After his first attempt as a college student didn’t suit his life goals, Jack Williams chose an optional path he had considered since childhood. In Jan. 2006 he enlisted for a four-year commitment to the United States Marine Corp.
As a little boy, Williams always knew he wanted to be in the military.
“I think every little boy wanted to be in the military at some point in his life. Most of them grow out of it. I’m not sure that I ever did, completely,” Jack Williams IV, 24, history, said.
Williams questioned the idea of joining however, when he thought he’d enter his father’s line of work.
“For a while I thought that I’d follow in my father’s footsteps and take up print journalism,” said Williams. “But the Marine Corps never left my mind completely.”
He later made the decision to join after his first attempt at college ended differently than planned.
“I had something to prove. I was a failure for the first time in my life when I left Mercer University in my native Georgia,” Williams said. “For some reason, I felt like that would be the first of many if I didn’t make a drastic change.”
However, college was not the only thing motivating Williams to become a part of the Marines. Service, sacrifice, and brotherhood also played an important role.
“I thought of the Marine Corps as a kind of unique warrior institution that brought out a man’s best traits,” Williams said.
Reality later set in for Williams after he joined.
“The Marine Corps is not really the egalitarian warrior brotherhood that I expected,” Williams said. “People get ahead that don’t deserve to get ahead, [while] people get left behind that don’t deserve to get left behind.”
In the USMC, there are general job fields and specialties within those fields.
“For example, within the infantry field there are riflemen, mortarmen, machine gunners, assaultmen, and missilemen,” Williams, said. “Many of these jobs, however, do not relate directly to what a Marine does in combat or in training.”
Williams was originally trained as a missileman.
“But in Iraq, I manned a machine gun atop a Humvee for the first part,” Williams said. “Later, I commanded a vehicle and was responsible for four junior marines.”
In northern Iraq, Williams believes the weather was difficult to deal with, as it got very cold and wet throughout the year.
“Living like a nomad in the outback doing border interdiction was pretty bad,” Williams said.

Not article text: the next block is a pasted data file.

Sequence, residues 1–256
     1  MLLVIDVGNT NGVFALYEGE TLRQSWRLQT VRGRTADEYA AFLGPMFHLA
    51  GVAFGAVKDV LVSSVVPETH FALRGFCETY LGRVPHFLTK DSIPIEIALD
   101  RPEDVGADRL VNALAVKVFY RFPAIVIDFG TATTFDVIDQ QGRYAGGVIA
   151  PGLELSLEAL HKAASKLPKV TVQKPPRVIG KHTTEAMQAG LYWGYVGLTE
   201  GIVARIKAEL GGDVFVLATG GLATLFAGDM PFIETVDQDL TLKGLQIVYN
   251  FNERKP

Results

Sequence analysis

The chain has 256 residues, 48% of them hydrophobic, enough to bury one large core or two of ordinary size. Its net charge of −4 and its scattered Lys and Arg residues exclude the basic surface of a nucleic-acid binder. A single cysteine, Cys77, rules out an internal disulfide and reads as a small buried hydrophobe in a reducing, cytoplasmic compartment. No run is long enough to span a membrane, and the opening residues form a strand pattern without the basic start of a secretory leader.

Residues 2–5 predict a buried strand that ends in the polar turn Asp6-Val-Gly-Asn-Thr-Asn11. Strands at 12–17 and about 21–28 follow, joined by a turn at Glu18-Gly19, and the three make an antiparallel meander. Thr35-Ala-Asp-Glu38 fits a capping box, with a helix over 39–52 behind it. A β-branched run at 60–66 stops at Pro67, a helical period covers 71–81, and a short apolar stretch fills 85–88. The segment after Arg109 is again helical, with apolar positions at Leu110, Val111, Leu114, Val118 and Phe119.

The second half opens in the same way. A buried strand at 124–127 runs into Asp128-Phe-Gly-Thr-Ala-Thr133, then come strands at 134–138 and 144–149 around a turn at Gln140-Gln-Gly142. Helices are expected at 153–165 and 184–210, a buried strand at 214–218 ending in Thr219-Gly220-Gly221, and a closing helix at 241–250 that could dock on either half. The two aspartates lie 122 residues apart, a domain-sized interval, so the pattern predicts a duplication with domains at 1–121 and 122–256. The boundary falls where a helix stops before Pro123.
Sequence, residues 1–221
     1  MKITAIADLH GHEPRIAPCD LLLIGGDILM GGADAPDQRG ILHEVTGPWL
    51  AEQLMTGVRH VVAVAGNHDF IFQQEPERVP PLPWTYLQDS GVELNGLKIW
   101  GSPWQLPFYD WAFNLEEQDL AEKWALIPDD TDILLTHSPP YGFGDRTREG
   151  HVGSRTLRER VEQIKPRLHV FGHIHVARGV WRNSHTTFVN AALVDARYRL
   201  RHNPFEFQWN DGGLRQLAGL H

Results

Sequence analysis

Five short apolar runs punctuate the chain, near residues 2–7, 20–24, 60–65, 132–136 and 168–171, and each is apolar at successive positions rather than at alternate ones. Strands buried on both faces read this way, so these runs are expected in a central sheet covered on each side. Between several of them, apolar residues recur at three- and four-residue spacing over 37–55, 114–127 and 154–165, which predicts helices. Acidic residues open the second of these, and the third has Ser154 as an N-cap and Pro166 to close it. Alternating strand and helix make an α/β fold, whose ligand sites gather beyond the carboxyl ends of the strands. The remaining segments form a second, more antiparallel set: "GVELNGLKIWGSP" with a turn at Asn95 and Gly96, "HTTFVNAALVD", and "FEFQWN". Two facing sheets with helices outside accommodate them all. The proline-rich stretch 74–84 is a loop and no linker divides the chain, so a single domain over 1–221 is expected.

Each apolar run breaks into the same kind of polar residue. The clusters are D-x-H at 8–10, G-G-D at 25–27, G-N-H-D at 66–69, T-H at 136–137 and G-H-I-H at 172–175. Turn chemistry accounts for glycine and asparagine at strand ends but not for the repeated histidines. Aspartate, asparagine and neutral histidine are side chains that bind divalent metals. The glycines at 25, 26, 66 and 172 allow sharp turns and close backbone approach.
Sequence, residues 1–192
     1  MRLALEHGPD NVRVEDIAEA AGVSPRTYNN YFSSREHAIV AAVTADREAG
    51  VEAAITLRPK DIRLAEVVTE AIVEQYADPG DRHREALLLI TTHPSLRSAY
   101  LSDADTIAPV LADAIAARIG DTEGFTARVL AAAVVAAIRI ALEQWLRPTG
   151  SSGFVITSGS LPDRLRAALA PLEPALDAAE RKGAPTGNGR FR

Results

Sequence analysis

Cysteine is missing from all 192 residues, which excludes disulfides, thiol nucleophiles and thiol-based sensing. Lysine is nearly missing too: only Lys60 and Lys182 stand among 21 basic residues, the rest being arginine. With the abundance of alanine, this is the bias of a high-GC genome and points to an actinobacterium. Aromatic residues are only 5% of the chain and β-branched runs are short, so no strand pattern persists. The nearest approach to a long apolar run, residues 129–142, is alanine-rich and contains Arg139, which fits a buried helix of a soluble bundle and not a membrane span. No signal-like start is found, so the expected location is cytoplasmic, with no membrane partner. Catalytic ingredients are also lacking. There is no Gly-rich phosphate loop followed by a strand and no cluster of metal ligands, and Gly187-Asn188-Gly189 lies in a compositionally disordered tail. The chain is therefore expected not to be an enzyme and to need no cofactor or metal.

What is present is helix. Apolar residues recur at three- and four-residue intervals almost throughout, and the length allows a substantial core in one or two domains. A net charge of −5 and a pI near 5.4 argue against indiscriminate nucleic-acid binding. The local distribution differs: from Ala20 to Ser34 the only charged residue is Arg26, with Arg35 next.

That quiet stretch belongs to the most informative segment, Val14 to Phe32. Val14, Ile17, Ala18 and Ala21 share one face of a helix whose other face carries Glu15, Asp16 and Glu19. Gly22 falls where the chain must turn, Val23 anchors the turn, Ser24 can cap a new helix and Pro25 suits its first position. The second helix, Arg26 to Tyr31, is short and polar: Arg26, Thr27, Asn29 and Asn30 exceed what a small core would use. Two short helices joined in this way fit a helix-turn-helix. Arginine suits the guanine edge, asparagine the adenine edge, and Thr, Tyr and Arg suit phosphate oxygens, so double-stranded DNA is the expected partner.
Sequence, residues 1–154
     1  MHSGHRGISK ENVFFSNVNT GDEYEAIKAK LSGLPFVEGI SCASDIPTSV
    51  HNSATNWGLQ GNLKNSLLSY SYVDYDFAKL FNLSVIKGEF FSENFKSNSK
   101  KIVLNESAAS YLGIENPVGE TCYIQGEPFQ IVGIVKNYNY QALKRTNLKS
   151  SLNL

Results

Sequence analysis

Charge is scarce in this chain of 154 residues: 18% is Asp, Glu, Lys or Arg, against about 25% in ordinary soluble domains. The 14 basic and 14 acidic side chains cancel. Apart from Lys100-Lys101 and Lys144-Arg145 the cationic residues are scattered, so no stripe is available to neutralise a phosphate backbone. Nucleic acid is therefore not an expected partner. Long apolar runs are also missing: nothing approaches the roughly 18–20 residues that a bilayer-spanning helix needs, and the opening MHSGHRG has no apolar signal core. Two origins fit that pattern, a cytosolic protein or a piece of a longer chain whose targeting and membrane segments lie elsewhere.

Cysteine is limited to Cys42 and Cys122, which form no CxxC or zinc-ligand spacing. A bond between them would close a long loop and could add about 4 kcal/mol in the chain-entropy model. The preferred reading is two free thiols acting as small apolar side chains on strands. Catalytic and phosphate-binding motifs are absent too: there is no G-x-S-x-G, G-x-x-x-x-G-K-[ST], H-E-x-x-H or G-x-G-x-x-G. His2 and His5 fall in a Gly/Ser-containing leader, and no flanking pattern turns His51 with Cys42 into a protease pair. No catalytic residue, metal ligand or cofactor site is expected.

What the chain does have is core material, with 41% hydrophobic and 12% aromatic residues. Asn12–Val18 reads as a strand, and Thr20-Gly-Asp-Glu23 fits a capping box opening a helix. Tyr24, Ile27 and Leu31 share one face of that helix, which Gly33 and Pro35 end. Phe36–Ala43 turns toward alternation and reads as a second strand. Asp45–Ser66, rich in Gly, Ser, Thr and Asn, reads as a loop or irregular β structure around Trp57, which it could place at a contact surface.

Williams comes from a military family. Both of his grandfathers were enlisted; one in the Navy and the other in the Army. His brother is a former Marine.
“My maternal grandfather was enlisted in the Navy and my paternal grandfather was a rifleman in the Army 4th Infantry division,” Williams said. “He would have been at the front, but his command learned that he could type and speak French. Lucky for him, he was assigned to headquarters as an interrogator.”
After Williams got out in Jan. of 2010, he decided to stay in Southern California and return to college.
Williams is now a student at Saddleback College, majoring in history with an emphasis on the Middle East. He is also the Vice President of Saddleback’s Veteran’s Club.
“Although the ‘civilian’ way of thinking is supposedly bred out of us in boot camp, it tends to creep back in after a year or two,” he said.
Due to Williams giving four years of his life to the Marine Corps, he feels as though he is disconnected from his peers.
“The fact that my peers are college graduates or in grad school is irksome,” he said.
“I don’t relate to recent high school graduates.”
The concepts of authority and responsibility are distinguishably different between the Marine Corps and day-to-day life.
“It’s difficult for me to adjust to lack of authority or responsibility to take action when people are disrespectful in class or around campus,” Williams said. “It was my place in the Corps, it isn’t out here.”
Williams encourages people to join the Marine Corps only if they are a believer in its system and in return, dissuade someone if they aren’t.